Note: For a complete list of my favorite films of 2010, please visit my wholly deficient list over at criticWIRE.
Obligatory Repetitive Introduction
In the past, in lieu of ranking movies and being held hostage by the dissonance between the film release calendar and my own experience of the ebb and flow of filmgoing, I have listed my favorite cinematic experiences of the year. I want to get back to that; as the way in which I get to watch movies and talk about them continues to diversify, as the idea of cinematic experience expands to multiple devices, formats, cities, communities, I think this list is here to stay. The age of the theatrical release calendar is dead for me; we’re living in a new time, where the movies can be found in every area of life, from online conversations to your home entertainment system, the back of a car seat to a projection screen at a restaurant, your phone to a portable tablet. So, I am going back to my old model, probably for good; over the next ten days, I’ll be posting my Top 10 Cinematic Experiences of 2010. Not necessarily films (although sometimes), these are the experiences that defined my year in film culture. Subjectivity alert!
4. Post Mortem At The New York Film Festival
My passionate hatred of pathological self-interest and macho vanity has no greater champion than the Chilean director Pablo Larraín, whose 2008 film Tony Manero set the standard for defining the deep, darkly comic connection between personal narcissism and a culture of political violence. The way in which these two concepts, state violence and a personal, murderous pathology, are mirrored and rhymed in Larraín’s films resonates deeply for me. 2010 featured countless examples; the head-stomping spittle and anger of the Tea Party, the permissive culture surrounding the bullying of young people, the granting of credibility and a platform to the murderer of women’s health care provider, the calls for the extra-judicial murder of Wikileaks’ Julian Assange, the public support of state-sponsored torture, and on and on. All of that violence an echo of a societal acquiescence to the violence carried out in the name of the our collective “best interest,” all of it invariably tied to the political self-interest of a powerful few.
Chile itself, with its own 9/11 and history of political violence against its own people, provides a potent example of not only the extremes of these parallels, but of a vibrant cinema that is not afraid to confront the nation’s political legacy head-on. 2010 saw Patricio Guzmán deliver another knock-out documentary on the subject of violence and national identity with his extraordinary Nostalgia For The Light (my review here) and Pablo Larraín delivering a knock-out punch with Post Mortem which, for my money, is one of the most devastating films in recent years. In writing about the movie in September at the New York Film Festival, I said:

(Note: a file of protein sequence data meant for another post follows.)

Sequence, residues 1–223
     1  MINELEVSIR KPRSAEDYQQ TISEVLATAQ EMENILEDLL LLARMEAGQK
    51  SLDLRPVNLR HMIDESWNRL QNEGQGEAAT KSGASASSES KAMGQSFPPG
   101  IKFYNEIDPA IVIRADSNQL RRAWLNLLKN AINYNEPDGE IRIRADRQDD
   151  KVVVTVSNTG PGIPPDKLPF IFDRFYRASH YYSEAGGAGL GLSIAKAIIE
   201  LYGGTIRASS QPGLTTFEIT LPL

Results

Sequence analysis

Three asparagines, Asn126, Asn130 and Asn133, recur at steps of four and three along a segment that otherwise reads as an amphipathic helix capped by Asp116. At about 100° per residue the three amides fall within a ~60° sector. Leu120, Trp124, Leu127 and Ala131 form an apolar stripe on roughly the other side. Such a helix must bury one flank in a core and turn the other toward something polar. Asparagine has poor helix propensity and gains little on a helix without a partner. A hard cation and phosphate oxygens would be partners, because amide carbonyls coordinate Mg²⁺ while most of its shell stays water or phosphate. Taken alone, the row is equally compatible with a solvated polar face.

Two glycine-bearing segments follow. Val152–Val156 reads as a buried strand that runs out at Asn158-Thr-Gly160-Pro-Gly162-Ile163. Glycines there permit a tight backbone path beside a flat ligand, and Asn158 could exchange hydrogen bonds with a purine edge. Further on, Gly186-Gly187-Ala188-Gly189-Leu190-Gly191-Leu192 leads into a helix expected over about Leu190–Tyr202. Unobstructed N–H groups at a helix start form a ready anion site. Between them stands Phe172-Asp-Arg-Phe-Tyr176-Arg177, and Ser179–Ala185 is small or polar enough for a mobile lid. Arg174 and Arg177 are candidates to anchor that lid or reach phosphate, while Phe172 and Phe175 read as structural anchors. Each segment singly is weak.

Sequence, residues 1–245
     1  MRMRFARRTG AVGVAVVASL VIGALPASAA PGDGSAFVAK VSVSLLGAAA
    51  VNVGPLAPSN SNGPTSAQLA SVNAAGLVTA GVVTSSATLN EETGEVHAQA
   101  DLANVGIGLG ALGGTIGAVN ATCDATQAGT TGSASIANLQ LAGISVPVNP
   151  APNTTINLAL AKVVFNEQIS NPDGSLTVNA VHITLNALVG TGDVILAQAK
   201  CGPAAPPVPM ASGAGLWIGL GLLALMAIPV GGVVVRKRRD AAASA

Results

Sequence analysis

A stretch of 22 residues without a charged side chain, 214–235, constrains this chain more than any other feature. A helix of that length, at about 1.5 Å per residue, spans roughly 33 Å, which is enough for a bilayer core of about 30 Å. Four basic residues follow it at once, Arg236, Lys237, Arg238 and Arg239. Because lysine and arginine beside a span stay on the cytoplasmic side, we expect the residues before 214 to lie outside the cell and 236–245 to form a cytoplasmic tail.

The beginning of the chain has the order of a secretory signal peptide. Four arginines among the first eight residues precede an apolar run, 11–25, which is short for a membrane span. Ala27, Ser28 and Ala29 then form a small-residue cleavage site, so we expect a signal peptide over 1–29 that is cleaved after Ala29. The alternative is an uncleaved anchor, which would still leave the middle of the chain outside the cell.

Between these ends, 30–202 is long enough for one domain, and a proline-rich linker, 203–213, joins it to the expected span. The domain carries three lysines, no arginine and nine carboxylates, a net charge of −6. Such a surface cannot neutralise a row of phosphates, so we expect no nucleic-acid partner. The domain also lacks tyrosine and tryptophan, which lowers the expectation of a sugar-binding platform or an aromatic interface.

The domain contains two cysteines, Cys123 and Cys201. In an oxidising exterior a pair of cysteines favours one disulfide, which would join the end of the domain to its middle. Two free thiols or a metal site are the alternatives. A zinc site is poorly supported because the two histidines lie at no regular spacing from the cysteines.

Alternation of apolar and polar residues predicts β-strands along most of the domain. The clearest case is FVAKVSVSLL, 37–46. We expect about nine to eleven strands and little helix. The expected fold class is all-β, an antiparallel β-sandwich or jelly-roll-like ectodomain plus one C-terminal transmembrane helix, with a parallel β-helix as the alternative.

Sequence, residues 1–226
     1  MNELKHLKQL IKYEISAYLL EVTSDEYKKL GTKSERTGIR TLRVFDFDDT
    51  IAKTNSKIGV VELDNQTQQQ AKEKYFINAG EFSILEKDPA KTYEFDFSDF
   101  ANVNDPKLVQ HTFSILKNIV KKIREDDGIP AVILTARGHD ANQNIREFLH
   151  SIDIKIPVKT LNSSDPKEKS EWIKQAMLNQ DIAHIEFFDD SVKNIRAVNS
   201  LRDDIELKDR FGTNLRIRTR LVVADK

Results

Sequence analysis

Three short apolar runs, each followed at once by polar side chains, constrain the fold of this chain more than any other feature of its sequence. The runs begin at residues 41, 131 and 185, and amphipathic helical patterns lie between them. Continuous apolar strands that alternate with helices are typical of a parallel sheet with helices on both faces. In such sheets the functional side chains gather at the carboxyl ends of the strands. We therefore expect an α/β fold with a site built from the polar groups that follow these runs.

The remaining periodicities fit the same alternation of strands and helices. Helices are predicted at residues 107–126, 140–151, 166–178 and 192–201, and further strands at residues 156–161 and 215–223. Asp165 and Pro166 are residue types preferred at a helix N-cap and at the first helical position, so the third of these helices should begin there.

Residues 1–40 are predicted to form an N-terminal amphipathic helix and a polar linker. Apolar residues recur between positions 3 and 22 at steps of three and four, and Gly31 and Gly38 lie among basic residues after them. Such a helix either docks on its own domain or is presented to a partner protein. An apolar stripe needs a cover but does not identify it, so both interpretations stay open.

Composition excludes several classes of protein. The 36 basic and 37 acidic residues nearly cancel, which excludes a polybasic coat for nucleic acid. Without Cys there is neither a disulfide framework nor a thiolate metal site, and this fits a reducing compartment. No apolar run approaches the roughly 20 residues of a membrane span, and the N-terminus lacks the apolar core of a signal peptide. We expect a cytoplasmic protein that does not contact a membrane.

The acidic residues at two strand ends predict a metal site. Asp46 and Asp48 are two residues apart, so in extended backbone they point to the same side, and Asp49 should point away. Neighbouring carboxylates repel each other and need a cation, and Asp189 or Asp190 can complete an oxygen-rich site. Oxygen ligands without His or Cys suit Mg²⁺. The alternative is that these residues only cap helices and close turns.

“Post Mortem maintains the grainy, 16mm texture of Tony Manero and extends that film’s exploration of the equation between masculine ego and political murder; both Tony and Mario wear their private dreams and fantasies as indifferent accessories to the terrifying upheaval that surrounds them, an extension of the permissive disregard for human life that engulfs the Chilean social order and seems to destroy the possibility for rational engagement. Which is not to say that the indescribable, deeply personal violence that takes place in both films is somehow legitimized by the collapse of democratic values, but more that the character’s violence is nothing more than a pathetic echo of the same totalitarian impulse that ripped the nation apart. Larraín draws his equations with sly staging and pitch back humor, using the frame to constantly diminish Mario’s stature and isolate him in his surroundings (this time, eschewing the handheld, prowling intimacy of Tony Manero for a fixed camera and some beautiful framing), and utilizing the sound design to keep us close to Mario’s experience of being almost completely outside of the history exploding around him; when the army arrives at Nancy’s house, Mario is in his own shower, blissfully unaware of the chaos that rages just outside of the frame. Castro’s Mario is a quiet, otherwise anonymous man who does what he is told and experiences his deepest feelings in a state of private suppression, able to eat a constant stream of shit from his superiors and his circumstances until, broken hearted by a quid pro quo transaction that destroys his romantic idealism, he simply snaps.”
Seeing this film in September, just ahead of the midterm elections, was an electric experience for me. But one moment truly lingers, a truly galvanizing scene at the center of the film when Mario and his colleagues at the mortuary are brought in by the army to perform an autopsy on the deposed President Salvadore Allende, the symbol of democratic reform, lying dead from a gunshot wound to the head. The team sucks it up and does the job, but some line is crossed inside of them, inside of Mario, inside of me. It was one of the most important moments I had at the cinema this year, a reminder that passivity is consent.
Pablo Larraín at The New York Film Festival
A final word on the film, again from September…
“Post Mortem exists at the intersection of personal, professional and political destruction on a grand dramatic scale that seems to be something straight out of a Kafkan nightmare. And so, while small, meagre Mario gets his revenge upon the woman who broke his heart, the machines of war carry on around him, as indifferent to his solitude as he is to their devastation. The silent contract is sanctioned.”